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There is a fundamental need to understand the causal link between land management in rural river catchments and the rate of inflow to flood sites downstream. This understanding is needed when assessing the role played by land management practices in historical floods, and when land management interventions are proposed as a contribution towards flood risk management. Extensive reviews of the links between land management and flooding in the United Kingdom (e.g. O'Connell et al., 2005, 2007; Pattison and Lane, 2012) concluded that the links are complicated and that there is a need for more and better field data and models. Of central importance in studying causal links is the role of scale: there is substantial evidence for changes to local runoff generation associated with modern land management practices (e.g. soil compaction leading to more flashy runoff), but a major gap in understanding exists on the link between local changes and the resulting effect on the catchment flood hydrograph. Accordingly, the key question explored in the Flood Risk from Extreme Events (FREE) research project ‘Land Use Management Effects in Extreme Floods’ was the following: ‘How do the effects of land use management propagate from the local scale (∼ 1 ha, and below) to that of mesoscale catchments (∼ 100 km2) and affect extreme floods?’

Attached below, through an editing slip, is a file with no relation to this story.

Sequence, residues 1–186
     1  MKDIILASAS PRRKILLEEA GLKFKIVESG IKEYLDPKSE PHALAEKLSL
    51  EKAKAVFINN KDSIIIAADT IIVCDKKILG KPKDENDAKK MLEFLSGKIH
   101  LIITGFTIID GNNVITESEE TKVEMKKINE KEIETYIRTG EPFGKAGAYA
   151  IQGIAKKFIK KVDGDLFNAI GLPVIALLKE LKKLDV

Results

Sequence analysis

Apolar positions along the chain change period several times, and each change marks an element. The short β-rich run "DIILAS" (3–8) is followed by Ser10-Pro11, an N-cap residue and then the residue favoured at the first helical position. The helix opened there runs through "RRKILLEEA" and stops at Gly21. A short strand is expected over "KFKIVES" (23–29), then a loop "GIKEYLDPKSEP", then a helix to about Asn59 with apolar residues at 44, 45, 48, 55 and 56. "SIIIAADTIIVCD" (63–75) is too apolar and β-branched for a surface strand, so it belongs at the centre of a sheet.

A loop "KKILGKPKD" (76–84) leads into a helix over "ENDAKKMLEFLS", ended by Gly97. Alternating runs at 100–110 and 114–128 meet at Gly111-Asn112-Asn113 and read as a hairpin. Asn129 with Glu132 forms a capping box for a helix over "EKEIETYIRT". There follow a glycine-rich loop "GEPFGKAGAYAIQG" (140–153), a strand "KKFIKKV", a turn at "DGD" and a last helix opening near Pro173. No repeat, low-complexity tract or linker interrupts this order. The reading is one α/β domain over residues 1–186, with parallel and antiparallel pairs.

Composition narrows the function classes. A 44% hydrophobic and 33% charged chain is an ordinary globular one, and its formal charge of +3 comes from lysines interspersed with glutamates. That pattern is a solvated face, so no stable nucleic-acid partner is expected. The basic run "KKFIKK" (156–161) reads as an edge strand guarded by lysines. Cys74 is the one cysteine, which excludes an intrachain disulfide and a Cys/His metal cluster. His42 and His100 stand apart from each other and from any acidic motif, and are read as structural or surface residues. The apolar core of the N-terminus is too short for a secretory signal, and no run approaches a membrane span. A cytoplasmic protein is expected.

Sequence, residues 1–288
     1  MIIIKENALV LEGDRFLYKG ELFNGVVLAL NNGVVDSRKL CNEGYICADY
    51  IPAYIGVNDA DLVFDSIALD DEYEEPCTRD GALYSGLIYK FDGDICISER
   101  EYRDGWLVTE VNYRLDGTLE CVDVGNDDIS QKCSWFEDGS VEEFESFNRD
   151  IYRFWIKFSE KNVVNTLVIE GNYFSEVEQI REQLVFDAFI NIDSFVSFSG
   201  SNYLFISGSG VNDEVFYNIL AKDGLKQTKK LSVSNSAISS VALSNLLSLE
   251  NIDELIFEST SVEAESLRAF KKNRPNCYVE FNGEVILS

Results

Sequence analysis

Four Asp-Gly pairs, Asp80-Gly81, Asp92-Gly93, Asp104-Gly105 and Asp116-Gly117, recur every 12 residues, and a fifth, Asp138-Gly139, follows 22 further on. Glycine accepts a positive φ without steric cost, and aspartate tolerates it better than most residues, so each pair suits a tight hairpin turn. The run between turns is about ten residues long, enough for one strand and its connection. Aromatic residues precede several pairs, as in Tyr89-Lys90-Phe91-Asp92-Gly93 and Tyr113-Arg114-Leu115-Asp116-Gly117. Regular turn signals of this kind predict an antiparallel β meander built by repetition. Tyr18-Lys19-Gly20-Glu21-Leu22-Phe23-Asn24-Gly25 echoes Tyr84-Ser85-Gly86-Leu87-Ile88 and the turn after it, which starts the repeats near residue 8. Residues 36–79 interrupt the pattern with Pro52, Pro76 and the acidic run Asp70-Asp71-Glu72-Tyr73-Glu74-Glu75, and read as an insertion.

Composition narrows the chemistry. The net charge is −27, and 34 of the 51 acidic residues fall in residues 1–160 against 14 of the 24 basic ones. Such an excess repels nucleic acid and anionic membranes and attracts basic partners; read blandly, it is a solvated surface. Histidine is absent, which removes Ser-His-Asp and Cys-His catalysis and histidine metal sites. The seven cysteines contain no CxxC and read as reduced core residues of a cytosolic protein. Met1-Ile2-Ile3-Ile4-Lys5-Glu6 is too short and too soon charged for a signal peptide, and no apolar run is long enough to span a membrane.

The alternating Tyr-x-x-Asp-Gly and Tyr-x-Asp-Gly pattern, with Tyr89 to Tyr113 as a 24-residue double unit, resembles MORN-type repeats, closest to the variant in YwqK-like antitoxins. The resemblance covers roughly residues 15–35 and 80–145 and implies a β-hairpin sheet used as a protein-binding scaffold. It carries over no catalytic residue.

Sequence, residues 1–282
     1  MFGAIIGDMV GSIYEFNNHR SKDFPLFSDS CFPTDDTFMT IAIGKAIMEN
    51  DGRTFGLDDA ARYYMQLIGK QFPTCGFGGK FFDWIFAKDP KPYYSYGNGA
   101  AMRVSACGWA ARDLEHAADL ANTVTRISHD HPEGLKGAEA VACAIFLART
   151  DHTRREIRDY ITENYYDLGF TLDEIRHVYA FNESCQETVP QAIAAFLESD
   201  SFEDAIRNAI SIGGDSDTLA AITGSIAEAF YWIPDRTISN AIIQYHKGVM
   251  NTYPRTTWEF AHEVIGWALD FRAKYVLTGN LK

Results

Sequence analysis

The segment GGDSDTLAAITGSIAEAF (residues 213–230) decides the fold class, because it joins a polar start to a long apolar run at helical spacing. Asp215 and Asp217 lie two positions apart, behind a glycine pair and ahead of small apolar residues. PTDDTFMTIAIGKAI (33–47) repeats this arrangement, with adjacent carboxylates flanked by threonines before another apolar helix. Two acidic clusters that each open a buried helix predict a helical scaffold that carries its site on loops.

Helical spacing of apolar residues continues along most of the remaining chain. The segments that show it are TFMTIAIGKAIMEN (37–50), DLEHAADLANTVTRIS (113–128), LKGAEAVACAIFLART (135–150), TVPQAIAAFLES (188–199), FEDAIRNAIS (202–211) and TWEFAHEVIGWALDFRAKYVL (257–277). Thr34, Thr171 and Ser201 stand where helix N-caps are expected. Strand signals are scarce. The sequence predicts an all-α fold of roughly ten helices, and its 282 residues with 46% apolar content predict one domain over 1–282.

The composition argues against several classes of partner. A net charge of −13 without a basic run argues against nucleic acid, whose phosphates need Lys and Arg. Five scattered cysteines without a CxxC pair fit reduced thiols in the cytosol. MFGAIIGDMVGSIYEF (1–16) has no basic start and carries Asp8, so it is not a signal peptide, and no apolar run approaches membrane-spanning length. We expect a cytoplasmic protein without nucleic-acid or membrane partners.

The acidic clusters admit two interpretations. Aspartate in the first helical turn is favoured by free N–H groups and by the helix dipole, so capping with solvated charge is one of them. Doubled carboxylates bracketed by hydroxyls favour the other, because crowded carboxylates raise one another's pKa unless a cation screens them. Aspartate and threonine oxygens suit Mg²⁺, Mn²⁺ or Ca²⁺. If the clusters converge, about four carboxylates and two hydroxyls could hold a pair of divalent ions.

The research conducted to explore the above research question was built around an integrated programme of multiscale field studies and distributed/semi-distributed numerical modelling, funded from FREE, the Engineering and Physical Sciences Research Council (Flood Risk Management Research Consortium) and the UK Environment Agency. These multiscale field studies focus on recent land management changes implemented at Pontbren in the upper Severn catchment (Marshall et al., 2009), and in the Hodder sub-catchment of the River Ribble, northwest England. In the Hodder catchment (260 km2) extensive upland restoration work covering approximately 25 km2 within a wider area of 58 km2 (Figure 1) has been carried out under the United Utilities Sustainable Catchment Management Plan, SCaMP (McGrath and Smith, 2006). The modelling in this article is based on an interpretation of the effect of two of the several types of land management interventions made under SCaMP: blocking gullies and grips (open drains) to increase the water levels in blanket peat, and reducing or relocating sheep grazing. A programme of field monitoring and numerical modelling for SCaMP has been running since 2008 (Ewen et al., 2010; Geris et al., 2010; Geris, 2012).